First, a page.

Table 2 - Etiologies of pain and paresthesias in the upper extremity.
At the level of the brachial plexus
 • Parsonage-Turner syndrome
 • Neurogenic thoracic outlet syndrome
 • Erb-Duchenne palsy
 • Klumpke's palsy
 • Burner or stinger
 • Backpacker's palsy
 • Traumatic nerve root avulsion
 • Hereditary neuralgic amyotrophy
 • Neoplasm (most commonly breast, lung cancer)
 • Radiation-induced brachial plexopathy
 • Iatrogenic plexopathies (i.e., Medial brachial fascial compartment syndrome)
 • Diabetic-related brachial plexopathy
Systemic
 • Thalamic pain syndrome
 • Hemiplegic migraine
 • Focal sensory seizures
 • Multiple sclerosis
 • Axillary vein thrombosis or Paget-Schroetter disease
 • Fibromyalgia or trigger points
 • Herpes zoster (shingles)
 • Mononeuritis multiplex
 • Multifocal motor neuropathy

Median Nerve

The most common entrapment neuropathy is the median nerve at the wrist, also known as carpal tunnel syndrome. Risk factors include female sex, obesity, diabetes, rheumatologic diseases, arthritis, hypothyroidism, and occupational factors, namely repetitive wrist flexion and extension, working with vibrating tools, and sustained wrist or palm pressure (20). In athletes, carpal tunnel syndrome can be seen in sports requiring repetitive wrist flexion, including racket sports, rowing, baseball, or rock climbing. Patients often have pain and paresthesias in a median nerve distribution, which includes the palmar portion of the first three digits and radial half of the fourth digit, as well as the distal dorsal aspects of these digits. However, it is not uncommon for paresthesias to affect the entire hand or to have pain radiate proximally into the forearm. The pain is often bothersome at night and with persistent or repetitive hand flexion which compresses the carpal tunnel. In severe cases, patients may describe difficulty opening jars or dropping objects because of the weakness of the finger and thumb flexors. The median nerve also can become entrapped at various locations around the elbow, detailed further in Table 1 and illustrated in Figure 1.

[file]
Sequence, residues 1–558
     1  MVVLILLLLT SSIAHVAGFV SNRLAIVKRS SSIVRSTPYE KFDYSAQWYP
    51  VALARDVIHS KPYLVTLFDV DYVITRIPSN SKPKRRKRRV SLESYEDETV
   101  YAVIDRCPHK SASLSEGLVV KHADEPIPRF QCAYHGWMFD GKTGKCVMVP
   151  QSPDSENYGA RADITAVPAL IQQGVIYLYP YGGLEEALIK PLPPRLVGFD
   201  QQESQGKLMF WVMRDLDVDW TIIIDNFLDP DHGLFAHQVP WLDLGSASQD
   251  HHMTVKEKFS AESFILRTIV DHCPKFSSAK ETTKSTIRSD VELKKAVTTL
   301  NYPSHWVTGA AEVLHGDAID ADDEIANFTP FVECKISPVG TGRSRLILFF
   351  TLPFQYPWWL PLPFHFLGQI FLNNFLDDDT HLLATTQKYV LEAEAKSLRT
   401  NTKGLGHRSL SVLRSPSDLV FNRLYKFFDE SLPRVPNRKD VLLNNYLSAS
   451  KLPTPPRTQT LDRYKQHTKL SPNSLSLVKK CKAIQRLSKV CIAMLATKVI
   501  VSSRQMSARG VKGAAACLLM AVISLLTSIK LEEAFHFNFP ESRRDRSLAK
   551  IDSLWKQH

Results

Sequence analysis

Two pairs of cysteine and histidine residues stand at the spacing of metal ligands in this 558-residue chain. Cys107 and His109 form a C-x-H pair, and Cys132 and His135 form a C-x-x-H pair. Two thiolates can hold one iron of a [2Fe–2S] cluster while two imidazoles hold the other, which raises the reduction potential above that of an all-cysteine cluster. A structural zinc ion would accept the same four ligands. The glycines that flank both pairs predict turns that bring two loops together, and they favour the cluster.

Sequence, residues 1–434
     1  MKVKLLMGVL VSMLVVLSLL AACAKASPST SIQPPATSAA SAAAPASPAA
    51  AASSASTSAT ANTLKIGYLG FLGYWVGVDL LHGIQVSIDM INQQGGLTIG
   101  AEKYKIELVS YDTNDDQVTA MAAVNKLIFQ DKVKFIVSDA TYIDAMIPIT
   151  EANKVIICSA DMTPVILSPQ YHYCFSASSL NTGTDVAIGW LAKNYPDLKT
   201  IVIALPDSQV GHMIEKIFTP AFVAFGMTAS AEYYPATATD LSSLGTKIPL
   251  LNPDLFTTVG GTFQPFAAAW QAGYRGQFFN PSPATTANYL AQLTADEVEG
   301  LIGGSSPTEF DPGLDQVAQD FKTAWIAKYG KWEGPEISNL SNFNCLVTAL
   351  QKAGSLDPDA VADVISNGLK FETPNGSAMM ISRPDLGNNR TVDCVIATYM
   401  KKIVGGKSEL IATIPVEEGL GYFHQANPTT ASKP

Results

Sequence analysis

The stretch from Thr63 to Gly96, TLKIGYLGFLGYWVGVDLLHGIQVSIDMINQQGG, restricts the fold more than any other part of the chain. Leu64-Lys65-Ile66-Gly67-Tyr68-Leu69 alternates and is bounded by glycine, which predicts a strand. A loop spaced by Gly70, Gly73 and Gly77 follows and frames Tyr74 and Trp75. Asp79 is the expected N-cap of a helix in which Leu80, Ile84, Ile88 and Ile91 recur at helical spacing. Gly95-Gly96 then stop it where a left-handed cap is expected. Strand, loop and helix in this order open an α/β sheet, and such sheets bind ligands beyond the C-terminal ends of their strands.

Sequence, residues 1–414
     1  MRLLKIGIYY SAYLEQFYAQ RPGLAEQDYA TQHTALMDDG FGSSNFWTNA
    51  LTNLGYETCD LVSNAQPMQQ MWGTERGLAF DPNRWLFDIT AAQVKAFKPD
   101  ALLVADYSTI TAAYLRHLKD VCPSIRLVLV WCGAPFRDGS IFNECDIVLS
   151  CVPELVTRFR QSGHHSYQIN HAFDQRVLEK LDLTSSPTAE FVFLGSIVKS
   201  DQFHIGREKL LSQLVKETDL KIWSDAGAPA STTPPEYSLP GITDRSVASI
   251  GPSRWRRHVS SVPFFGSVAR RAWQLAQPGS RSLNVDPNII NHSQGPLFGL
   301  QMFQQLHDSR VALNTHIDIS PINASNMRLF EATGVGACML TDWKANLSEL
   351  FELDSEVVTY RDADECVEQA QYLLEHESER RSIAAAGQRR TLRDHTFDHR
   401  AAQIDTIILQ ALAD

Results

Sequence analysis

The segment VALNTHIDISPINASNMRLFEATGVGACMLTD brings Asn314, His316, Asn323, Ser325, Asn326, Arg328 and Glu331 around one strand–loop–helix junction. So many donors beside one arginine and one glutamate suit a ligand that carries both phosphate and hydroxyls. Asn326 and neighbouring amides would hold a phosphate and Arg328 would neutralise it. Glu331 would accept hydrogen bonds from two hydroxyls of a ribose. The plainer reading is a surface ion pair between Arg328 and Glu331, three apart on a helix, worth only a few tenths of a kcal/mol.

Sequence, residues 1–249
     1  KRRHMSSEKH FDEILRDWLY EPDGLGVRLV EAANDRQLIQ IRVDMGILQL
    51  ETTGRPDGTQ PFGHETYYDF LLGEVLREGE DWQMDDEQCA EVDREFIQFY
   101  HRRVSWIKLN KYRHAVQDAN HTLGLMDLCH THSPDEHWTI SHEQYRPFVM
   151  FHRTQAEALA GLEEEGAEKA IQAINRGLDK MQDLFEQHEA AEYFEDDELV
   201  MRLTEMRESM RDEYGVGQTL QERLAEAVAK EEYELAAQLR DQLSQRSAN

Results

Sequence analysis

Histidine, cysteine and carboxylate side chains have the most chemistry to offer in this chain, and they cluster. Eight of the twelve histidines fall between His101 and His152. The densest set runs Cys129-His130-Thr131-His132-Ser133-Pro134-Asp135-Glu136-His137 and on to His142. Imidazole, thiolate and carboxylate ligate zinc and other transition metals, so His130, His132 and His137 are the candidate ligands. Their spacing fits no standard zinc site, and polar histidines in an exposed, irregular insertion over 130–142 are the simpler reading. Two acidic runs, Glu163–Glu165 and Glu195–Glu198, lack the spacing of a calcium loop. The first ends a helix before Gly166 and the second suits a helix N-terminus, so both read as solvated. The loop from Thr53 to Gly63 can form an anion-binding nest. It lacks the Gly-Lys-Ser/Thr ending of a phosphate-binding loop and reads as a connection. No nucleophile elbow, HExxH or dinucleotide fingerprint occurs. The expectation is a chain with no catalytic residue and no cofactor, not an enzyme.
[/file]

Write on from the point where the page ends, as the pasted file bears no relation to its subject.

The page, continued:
F1
Figure 1:
Schematic of upper extremity entrapment sites.

Ulnar Nerve

Ulnar neuropathy at the elbow is the next most common entrapment neuropathy after carpal tunnel syndrome (21). Proximal to the wrist, entrapment of the ulnar nerve most often occurs within the cubital tunnel. However, entrapment at the arcade of Struthers or between the heads of flexor carpi ulnaris also has been reported (Fig. 2A) (21). Patients may have a history of leaning on the elbow, as in a truck driver resting the elbow on the open window. Throwing athletes are at risk for ulnar nerve compression or traction at the elbow because of repetitive and excessive valgus stress that occurs at the medial elbow during throwing (22). Symptoms include pain involving the medial elbow and ulnar forearm with sensory deficits in the ulnar hand. Of note, paresthesias are more likely to be present in the digits than the palm because of the relative sparing of both the dorsal ulnar cutaneous nerve (DUC) and the palmar ulnar cutaneous nerve (PUC). This is because fascicles of the PUC and DUC are located in a deep dorsolateral location at the elbow (23). It also is important to note that sensory deficits proximal to the wrist suggest a lesion higher in the plexus or nerve roots (3).